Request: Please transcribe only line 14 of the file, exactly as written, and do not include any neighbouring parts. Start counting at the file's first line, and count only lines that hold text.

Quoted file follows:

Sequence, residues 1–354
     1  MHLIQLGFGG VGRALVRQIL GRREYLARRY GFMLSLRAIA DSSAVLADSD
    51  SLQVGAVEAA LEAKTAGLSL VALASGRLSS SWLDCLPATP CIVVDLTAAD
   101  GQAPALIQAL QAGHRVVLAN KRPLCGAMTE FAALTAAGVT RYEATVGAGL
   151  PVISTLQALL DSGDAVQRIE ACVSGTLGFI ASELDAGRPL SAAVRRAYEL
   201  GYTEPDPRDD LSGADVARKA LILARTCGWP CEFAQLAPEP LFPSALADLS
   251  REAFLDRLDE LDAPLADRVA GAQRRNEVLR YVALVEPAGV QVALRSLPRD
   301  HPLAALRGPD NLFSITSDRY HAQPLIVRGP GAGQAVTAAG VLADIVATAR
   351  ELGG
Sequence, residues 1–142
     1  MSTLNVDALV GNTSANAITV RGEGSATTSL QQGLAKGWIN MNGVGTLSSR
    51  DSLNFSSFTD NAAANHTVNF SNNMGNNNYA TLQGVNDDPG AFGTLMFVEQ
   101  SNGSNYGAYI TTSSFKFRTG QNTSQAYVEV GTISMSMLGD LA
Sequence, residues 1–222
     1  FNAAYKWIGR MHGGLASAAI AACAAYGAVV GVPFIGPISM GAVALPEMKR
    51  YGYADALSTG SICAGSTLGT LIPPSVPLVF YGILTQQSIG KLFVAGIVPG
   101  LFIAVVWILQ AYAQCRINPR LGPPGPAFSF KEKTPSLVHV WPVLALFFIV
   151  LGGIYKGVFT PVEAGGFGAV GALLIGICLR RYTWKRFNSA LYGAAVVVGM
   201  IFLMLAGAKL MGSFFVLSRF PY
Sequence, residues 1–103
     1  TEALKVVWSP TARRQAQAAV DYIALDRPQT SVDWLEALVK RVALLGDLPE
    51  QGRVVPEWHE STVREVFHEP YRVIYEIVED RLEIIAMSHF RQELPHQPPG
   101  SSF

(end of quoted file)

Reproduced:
Sequence, residues 1–222